In a bold move to address the urgent need for unrestricted access to scientific knowledge, the Frontiers Research Foundation has launched the Open Science Charter. This global initiative calls upon governments, research institutions, funders, the scientific community, and citizens worldwide to rally behind the mandate for open access to all publicly funded scientific knowledge by 2030.
As the climate emergency accelerates, posing an existential threat to our planet, the Open Science Charter emphasizes the critical role of science solutions in addressing irreversible tipping points and mitigating dire consequences. The Charter contends that the most significant accelerator to combat climate change and address global challenges is the mandatory open access to publicly funded articles and data.
The current system, which restricts access to much of scientific research, poses barriers not only to scientists but also to practitioners, innovators, and entrepreneurs globally. The Open Science Charter argues that these restrictions are especially severe for breakthroughs in sustainability and climate sciences. Urgent action is needed to remove these knowledge barriers that hinder efforts to reverse and mitigate the effects of climate change.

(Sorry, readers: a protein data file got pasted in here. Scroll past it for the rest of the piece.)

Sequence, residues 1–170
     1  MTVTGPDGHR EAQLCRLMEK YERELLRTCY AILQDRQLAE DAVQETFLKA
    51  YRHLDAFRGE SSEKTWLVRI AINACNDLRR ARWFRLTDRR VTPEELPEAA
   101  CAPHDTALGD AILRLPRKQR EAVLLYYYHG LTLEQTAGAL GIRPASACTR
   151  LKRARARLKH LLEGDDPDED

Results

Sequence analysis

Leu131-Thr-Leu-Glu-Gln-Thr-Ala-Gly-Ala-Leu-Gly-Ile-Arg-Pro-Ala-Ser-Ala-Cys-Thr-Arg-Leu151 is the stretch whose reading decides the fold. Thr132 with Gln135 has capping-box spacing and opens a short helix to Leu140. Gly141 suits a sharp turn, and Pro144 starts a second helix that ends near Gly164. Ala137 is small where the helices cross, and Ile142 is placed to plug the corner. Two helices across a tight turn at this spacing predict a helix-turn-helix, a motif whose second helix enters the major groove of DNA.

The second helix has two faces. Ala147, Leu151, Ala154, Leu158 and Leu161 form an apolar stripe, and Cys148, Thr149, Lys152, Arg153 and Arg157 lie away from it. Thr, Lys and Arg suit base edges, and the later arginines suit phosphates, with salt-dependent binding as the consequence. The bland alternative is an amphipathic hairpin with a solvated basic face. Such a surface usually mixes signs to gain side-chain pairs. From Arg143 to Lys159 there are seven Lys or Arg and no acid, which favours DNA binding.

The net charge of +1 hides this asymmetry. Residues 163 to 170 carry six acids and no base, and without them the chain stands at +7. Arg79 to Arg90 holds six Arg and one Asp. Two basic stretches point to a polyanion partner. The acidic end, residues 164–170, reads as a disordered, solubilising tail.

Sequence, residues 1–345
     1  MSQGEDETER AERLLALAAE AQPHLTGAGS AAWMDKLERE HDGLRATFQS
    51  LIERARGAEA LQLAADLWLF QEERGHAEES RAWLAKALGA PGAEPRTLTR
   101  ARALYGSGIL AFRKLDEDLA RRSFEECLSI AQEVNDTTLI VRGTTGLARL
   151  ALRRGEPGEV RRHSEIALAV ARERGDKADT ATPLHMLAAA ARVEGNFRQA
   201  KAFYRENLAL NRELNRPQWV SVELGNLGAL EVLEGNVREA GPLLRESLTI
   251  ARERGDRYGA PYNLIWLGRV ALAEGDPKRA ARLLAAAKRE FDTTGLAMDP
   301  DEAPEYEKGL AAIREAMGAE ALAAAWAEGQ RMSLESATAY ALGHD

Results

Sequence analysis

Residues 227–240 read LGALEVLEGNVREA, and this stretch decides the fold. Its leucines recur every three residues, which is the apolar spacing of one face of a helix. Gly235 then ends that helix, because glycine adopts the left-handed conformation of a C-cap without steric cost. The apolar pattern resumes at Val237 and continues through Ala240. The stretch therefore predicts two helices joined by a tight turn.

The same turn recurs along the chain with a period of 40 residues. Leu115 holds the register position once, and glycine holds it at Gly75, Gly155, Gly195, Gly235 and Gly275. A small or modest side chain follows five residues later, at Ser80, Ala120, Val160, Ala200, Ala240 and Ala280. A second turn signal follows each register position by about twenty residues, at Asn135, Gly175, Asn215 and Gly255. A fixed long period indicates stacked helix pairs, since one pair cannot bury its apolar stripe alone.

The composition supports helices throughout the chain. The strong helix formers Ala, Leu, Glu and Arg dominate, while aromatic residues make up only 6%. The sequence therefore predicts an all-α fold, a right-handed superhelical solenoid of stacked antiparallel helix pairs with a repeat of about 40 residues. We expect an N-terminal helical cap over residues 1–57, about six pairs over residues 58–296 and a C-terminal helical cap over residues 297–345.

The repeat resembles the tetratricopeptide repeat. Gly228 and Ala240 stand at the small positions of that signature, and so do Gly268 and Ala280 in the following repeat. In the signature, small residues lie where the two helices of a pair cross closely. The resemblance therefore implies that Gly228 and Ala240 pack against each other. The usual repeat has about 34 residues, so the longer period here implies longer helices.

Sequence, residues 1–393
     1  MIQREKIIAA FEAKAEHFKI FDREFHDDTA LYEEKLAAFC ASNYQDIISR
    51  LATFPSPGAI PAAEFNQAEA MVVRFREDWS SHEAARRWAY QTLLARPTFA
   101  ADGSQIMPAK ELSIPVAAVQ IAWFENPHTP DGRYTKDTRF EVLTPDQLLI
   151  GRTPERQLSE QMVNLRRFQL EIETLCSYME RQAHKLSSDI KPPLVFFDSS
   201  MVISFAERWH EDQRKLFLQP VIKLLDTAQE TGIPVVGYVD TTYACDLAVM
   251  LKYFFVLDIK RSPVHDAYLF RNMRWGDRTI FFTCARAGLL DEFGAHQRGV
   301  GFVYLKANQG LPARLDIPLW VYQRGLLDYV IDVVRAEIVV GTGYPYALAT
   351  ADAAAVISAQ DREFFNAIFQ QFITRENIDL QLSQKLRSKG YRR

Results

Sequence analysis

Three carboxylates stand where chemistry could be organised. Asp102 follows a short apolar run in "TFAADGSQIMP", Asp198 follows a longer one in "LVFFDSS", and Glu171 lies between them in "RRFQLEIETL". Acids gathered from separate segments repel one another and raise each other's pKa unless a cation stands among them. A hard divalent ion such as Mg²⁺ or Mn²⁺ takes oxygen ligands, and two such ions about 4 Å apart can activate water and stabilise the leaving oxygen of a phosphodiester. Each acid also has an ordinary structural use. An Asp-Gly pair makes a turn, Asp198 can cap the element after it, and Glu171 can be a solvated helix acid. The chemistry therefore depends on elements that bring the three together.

The shift towards net-zero clean economies, the Charter asserts, not only hinges on open access to scientific knowledge but also requires political commitment to evidence-based action. Governments and universities, as custodians of public funds, bear significant responsibility in empowering innovators to deliver practical solutions by ensuring the immediate and unrestricted sharing of research findings.
Several research funders, including the European Commission through initiatives like Plan S, have already taken steps to mandate open access to publicly funded research. The Open Science Charter commends these efforts and urges for the universal adoption of such practices, emphasizing that transparency, inclusivity, accessibility, and reproducibility should be inherent in publicly funded scientific research worldwide.
The Charter, to be presented at COP28 during the panel 'Open Science for Inclusive and Transformative Climate and Sustainability Innovation' on December 2 in Dubai, outlines fundamental principles and actions to reinforce trust in science and prioritize the public good. Key points include: Unrestricted Access by 2030: Commit to transitioning all published research articles from subscription to fully open-access models before the end of this decade; Uphold Peer-Review Quality: Preserve and champion the core values of scientific publishing, including registration, validation, certification, and perpetual conservation of scientific findings; Transparent Pricing Linked to Quality: Adopt transparent financial models that directly correlate the price of publication with the quality of services offered; and Strengthen Trust in Science: Make knowledge available to the public who helped fund it and will benefit from its accessibility.
The Open Science Charter invites global participation and engagement, urging individuals to read and sign the Charter here. The initiative marks a crucial step towards fostering collaboration, transparency, and accessibility in the realm of scientific knowledge for the betterment of humanity and the planet.Click here to read the original press release.